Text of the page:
Even current trends in packaging vary from country to country or continent to continent. In Asia, especially India, greater emphasis is placed on the recyclability of packaging. Although the trend toward sustainable materials management in packaging began in Europe, sustainable – i.e. recyclable – packaging is being demanded by Asian society and policymakers alike in a scope that cannot be found in Europe. However, recent months have seen some movement in European countries on this front.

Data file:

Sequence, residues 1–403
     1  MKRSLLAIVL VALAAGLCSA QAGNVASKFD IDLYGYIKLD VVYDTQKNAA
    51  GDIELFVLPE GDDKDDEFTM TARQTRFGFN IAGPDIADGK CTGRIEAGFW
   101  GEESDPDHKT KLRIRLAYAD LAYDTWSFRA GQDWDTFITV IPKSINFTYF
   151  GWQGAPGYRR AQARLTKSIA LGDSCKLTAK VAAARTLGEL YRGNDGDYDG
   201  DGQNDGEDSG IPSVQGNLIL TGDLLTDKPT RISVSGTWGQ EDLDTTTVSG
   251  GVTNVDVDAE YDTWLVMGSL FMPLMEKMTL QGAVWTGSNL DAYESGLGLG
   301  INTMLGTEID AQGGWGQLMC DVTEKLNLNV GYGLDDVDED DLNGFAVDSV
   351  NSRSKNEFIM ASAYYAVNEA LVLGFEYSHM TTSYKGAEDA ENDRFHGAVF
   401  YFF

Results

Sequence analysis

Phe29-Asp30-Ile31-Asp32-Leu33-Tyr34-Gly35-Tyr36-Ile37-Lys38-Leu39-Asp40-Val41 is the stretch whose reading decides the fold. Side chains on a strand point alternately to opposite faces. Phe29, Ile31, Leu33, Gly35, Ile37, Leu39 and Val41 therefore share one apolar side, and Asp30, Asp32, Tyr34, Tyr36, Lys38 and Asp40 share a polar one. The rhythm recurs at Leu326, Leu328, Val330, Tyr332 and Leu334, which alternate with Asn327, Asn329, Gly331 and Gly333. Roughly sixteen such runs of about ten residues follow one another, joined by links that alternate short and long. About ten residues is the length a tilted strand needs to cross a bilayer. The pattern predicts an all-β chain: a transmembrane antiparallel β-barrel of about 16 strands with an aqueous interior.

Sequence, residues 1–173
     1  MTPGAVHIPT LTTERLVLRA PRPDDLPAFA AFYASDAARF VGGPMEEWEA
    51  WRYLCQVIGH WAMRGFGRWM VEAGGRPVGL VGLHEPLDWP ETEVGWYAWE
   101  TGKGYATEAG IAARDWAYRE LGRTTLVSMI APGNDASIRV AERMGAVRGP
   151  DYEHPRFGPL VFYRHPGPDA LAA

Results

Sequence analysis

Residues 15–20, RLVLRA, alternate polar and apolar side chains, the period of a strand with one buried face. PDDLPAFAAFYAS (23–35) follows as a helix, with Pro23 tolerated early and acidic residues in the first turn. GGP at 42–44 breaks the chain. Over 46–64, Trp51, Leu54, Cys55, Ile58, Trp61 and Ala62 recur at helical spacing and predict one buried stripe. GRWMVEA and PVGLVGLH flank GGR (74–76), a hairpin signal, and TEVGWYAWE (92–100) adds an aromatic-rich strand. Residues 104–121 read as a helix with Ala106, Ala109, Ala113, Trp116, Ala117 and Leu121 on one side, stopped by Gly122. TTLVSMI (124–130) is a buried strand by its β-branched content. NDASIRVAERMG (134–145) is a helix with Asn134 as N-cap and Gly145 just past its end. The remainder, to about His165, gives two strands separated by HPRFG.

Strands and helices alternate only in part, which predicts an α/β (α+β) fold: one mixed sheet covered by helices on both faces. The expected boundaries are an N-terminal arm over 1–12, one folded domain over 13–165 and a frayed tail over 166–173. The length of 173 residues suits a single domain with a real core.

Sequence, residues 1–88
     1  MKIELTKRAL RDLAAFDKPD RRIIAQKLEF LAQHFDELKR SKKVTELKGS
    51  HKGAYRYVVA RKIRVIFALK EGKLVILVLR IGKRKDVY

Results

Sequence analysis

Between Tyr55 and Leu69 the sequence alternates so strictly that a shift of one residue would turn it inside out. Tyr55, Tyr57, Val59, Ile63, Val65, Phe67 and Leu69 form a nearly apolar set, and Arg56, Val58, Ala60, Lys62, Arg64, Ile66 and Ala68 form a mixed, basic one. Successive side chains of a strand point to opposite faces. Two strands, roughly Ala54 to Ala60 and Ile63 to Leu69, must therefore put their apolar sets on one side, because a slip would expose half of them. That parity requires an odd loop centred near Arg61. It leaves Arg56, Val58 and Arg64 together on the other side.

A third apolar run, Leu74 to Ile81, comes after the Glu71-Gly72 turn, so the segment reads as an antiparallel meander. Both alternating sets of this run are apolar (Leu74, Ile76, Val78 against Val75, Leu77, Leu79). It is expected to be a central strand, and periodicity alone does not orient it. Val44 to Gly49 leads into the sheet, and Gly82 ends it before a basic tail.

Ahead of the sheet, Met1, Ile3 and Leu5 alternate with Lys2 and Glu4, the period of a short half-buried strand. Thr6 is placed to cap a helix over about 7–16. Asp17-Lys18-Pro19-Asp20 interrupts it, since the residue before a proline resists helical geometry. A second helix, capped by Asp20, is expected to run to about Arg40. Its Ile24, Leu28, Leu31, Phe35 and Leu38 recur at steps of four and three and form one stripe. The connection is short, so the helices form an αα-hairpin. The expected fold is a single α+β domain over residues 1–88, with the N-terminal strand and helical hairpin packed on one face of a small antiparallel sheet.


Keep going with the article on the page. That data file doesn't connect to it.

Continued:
Especially in countries, where online shopping is increasing in popularity, the question as to the future role of packaging is also arising, says Wolfram: "Online shopping is having an impact on packaging. We just don’t yet know precisely how this will play out. At present, packaging is still being designed for optimum fit and visibility on supermarket shelves and to encourage spontaneous purchases. When shopping online, however, buying decisions are not made based on packaging but rather based on various online advertising options such as video clips. Even though a product’s packaging is of lesser consideration when buying online, the experience of opening the package may well be more important. This could change the shape and size of packaging."